Mar 22 2016




Regardless of your career, your career interests, your day-to-day pursuits, your life circumstances . . . regardless of how rich or poor you are, how much or little you are loved, or love, how educated or intuitive or salesy you are . . . regardless of whether you are a small business owner or manager or a government or corporate muckity-muck, and whether you’re a doctor, nurse, lawyer, accountant, grave-digger, tire-changer, astronaut, roofer, artist, teacher, or hamburger flipper:

You need to think like an entrepreneur.



You don’t need to BE an entrepreneur. In fact, most who think they are, probably are not.

Thinking like an entrepreneur translates to taking more reasonable risks.

It means recognizing the expertise you lack, accepting that, and then surrounding yourself with those who can bring those missing links to the table.

It means staying focused on making your ideas work, not on making money. As you get closer to making your ideas work, the money will simply come to you; it will appear seemingly out of nowhere. If you pursue money, your ideas will fail. This conclusion comes from a gazillion tons of experience. Need examples? Try me. Call the number below. No strings attached. I’m happy to share what I’ve learned the hard way.

cash in hand

Thinking like an entrepreneur is taking steps on your own behalf instead of waiting for opportunities to come to you.

Thinking like an entrepreneur requires endless testing of your ideas.

It holds out the expectation that you will fall all over yourself to delight (not just service) your every customer, and that you will constantly solicit the customer feedback you need to adjust, adapt, and adjust        again.

Does it matter if your “customer” is a patient or patient family, a client, someone paying you for a service or   a product, rich or poor, with three eyes or one, old or young? Of course not.

ignite passion

Entrepreneurs, true entrepreneurs, are passionate about everything they do, every day of the week. But they  are also realistic enough to recognize when their passion outstrips the ability to make their ideas work, they will not go down with the ship!

Is this walking a thin line? Not if it’s a reasonable and realistic line to start with (in other words, you’re not  “betting the farm” to get where you want to go). When something doesn’t work, you take away what you learned and start out in a new direction making the most of that experience.

Does that remind you of life? Well, how about that? So, how far away from thinking like an entrepreneur has your brain strayed?

Is it time to be a peoplepreneur?


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May 13 2009

WHEN “Do-it-yourself” DOESN’T DO IT…

You can’t control your ship


while stoking the furnace!


     What IS it that makes business owners and managers so crazy when they’re confronted with the idea of hiring someone to do a task that they know they could do themselves?  Huh? I KNOW I’m not imagining this one. So answer the question.

     Why would someone who runs a business think she or he should set up his or her own website or write her or his own blog or news release, for example? To save money? Surely saving money is not a good answer.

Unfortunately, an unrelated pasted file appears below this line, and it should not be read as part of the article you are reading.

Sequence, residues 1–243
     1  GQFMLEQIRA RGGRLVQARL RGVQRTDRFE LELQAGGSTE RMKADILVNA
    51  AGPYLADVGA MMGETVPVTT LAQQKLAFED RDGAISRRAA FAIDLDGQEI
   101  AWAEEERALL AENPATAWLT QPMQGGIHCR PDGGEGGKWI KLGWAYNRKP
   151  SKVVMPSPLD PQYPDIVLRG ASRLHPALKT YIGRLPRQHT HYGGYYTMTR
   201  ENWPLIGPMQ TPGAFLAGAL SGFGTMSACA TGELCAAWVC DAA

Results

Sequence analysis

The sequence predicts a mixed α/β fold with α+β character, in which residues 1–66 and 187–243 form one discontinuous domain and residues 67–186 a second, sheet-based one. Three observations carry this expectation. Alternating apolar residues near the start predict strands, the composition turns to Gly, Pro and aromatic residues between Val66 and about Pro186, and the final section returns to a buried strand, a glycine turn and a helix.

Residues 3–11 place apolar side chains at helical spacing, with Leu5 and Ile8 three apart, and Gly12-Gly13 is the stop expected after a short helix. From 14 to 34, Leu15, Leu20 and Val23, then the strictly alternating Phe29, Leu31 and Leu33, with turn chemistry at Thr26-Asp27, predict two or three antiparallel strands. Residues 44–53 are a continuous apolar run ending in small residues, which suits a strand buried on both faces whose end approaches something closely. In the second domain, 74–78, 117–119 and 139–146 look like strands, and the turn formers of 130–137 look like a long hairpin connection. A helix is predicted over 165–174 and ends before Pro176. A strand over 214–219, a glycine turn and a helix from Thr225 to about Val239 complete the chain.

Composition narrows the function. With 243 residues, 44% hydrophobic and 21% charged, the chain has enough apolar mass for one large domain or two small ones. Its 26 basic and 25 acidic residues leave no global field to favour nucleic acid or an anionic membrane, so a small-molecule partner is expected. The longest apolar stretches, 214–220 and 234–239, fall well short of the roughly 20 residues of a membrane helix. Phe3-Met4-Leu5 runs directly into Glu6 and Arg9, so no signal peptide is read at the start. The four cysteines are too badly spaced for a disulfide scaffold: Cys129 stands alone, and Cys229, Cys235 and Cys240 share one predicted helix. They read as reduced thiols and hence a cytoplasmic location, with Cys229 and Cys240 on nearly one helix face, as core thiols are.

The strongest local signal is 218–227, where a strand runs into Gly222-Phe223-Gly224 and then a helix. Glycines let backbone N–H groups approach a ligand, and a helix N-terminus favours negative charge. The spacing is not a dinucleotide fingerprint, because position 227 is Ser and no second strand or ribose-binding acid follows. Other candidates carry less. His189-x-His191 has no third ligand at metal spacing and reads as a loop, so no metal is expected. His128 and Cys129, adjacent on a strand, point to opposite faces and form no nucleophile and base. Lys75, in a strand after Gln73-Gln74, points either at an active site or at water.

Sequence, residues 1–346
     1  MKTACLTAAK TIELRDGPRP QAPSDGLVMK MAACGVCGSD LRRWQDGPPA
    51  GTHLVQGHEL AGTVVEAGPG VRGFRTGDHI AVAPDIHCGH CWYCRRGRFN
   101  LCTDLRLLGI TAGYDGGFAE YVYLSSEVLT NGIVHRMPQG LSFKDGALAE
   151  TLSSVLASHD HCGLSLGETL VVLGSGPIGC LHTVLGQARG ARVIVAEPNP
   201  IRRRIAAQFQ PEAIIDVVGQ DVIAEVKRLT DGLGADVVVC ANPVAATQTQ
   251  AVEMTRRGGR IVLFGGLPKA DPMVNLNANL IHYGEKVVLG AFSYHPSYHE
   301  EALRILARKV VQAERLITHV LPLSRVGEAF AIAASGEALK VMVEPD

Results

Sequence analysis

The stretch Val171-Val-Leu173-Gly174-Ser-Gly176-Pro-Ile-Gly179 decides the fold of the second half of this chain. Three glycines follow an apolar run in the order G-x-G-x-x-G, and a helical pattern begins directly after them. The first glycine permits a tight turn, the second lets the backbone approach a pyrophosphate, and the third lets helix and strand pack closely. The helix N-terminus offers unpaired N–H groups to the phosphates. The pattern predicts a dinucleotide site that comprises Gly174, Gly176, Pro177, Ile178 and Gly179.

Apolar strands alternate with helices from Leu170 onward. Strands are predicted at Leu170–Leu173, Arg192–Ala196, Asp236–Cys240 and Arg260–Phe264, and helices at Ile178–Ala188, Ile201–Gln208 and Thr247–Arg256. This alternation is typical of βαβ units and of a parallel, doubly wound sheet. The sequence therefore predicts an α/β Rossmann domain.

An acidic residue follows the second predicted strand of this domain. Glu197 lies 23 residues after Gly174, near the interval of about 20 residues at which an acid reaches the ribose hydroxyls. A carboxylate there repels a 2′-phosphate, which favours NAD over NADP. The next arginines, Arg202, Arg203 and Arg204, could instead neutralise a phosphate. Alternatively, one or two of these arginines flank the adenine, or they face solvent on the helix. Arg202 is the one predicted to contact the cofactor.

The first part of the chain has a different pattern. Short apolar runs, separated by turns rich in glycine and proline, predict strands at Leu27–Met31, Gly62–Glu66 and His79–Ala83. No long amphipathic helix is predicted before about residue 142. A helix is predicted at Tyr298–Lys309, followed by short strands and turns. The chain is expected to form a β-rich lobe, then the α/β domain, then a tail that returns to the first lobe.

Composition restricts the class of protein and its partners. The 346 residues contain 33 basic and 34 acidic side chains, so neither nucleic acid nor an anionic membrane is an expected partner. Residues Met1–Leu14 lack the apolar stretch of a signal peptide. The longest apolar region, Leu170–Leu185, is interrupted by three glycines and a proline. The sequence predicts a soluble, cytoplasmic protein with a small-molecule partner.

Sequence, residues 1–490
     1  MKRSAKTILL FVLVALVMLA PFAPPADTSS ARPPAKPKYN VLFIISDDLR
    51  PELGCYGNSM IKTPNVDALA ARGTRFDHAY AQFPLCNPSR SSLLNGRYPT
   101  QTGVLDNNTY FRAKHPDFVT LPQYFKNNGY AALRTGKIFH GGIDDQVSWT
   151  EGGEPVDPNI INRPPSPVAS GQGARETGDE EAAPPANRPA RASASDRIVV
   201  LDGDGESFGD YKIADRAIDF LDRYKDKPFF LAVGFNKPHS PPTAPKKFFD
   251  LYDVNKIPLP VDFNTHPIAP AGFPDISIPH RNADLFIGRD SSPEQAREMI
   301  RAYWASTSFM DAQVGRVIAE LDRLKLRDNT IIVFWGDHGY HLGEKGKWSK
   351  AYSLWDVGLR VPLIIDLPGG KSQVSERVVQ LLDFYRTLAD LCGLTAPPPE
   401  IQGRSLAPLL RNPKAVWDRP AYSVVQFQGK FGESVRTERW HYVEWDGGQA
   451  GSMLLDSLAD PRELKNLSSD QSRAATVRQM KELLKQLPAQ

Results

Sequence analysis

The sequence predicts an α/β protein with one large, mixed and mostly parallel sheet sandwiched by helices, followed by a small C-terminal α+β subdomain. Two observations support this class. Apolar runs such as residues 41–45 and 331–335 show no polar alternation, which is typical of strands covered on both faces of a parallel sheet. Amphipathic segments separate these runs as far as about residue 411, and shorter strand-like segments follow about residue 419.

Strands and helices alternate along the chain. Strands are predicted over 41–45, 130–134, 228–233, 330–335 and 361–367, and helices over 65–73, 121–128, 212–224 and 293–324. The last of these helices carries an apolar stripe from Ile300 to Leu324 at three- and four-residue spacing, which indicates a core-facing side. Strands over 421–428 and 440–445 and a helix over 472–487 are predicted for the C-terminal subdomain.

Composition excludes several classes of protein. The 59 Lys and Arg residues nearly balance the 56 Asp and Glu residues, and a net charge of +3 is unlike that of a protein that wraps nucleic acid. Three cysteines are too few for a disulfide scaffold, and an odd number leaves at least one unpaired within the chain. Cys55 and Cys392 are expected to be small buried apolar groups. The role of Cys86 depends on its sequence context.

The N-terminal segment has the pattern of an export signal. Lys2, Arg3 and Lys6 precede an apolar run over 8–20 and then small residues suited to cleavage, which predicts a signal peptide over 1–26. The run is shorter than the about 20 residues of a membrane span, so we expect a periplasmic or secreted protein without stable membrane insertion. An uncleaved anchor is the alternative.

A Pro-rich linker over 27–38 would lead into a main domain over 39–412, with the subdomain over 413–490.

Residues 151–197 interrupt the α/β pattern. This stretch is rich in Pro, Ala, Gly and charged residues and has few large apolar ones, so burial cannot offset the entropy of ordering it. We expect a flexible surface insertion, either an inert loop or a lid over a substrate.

As we’ve discussed here often, no one makes money by saving money. Businesses only make money by selling. If you own or operate a struggling (or ambitious) business and you decide to do tasks that are not making money by actually disengaging yourself from the sales process, you are wasting money, not saving it.

     I have seen some very bright business owners step aside from the sales function to let the salespeople do the selling, and instead focus their energies on operational productivity or human resource management, or budget management, or manufacturing efficiency, then be astonished to see their ships go down while they are busily rearranging the deck chairs.

     FACT: No one (NO ONE) is better at selling what your business produces or provides than you are! If your business is struggling (or steaming “Full Ahead”), and you are not with one hand at the controls, actively selling, you may want to re-think your investment in survival (or growth) and see the role you’re playing for what it really is: an anchor!

     If you need a new or upgraded website or a punchy blog, or news releases that get printed and broadcast, and you can find a professional website developer you can trust who has a track-record for reliability…or a professional marketing writer who knows how to “storytell” your business messages and who has a track-record for sales results, for heaven’s sake: HIRE THEM and get on with selling!

     So what if you think you could design your own site or write your own content or marketing materials? It’s not worth you taking the time to do those things when you need to be selling because selling is the only way to make money and move your ship forward.

     Pay the professionals to do what they do best. It’s a cost of doing business. Trying to tackle non-sales projects yourself diverts your time, energy and money into non-productive directions and doesn’t make the best use of your knowledge, talents, and enthusiasm. Besides, if you do-it-yourself, and screw it up, it’ll cost you twice as much to get the same professionals to do emergency surgery at sea!

     One last thought: You can control your ship and sell at the same time. You can’t control your ship while you’re stoking the furnace or working below decks. Best wishes for smoothe sailing!  

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Send your input anytime: (”Businessworks” in the subject line) or comment below. Thanks for visiting. Good night and God bless you! halalpiar              # # # 

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